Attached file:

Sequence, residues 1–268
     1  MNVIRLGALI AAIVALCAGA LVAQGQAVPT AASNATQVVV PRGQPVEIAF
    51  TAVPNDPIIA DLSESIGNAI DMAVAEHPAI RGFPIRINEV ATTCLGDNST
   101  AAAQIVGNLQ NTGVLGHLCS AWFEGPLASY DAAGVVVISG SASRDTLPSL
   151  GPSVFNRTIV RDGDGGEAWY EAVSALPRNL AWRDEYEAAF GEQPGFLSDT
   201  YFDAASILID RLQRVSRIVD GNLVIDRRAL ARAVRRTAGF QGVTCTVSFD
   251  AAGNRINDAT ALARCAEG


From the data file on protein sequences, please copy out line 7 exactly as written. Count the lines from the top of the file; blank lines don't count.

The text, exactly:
   251  AAGNRINDAT ALARCAEG